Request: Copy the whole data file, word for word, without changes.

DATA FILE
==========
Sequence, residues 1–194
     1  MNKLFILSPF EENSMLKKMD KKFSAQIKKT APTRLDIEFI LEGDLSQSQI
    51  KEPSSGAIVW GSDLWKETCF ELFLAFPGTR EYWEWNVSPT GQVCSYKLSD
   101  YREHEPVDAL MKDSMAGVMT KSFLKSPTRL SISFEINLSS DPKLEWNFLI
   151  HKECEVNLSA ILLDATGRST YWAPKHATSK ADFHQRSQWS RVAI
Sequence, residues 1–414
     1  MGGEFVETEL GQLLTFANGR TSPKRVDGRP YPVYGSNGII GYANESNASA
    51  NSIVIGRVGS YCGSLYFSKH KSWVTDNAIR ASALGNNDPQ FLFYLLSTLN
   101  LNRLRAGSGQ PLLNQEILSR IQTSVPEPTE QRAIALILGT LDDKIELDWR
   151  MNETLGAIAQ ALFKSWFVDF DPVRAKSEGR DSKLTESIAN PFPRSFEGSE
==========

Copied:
Sequence, residues 1–194
     1  MNKLFILSPF EENSMLKKMD KKFSAQIKKT APTRLDIEFI LEGDLSQSQI
    51  KEPSSGAIVW GSDLWKETCF ELFLAFPGTR EYWEWNVSPT GQVCSYKLSD
   101  YREHEPVDAL MKDSMAGVMT KSFLKSPTRL SISFEINLSS DPKLEWNFLI
   151  HKECEVNLSA ILLDATGRST YWAPKHATSK ADFHQRSQWS RVAI
Sequence, residues 1–414
     1  MGGEFVETEL GQLLTFANGR TSPKRVDGRP YPVYGSNGII GYANESNASA
    51  NSIVIGRVGS YCGSLYFSKH KSWVTDNAIR ASALGNNDPQ FLFYLLSTLN
   101  LNRLRAGSGQ PLLNQEILSR IQTSVPEPTE QRAIALILGT LDDKIELDWR
   151  MNETLGAIAQ ALFKSWFVDF DPVRAKSEGR DSKLTESIAN PFPRSFEGSE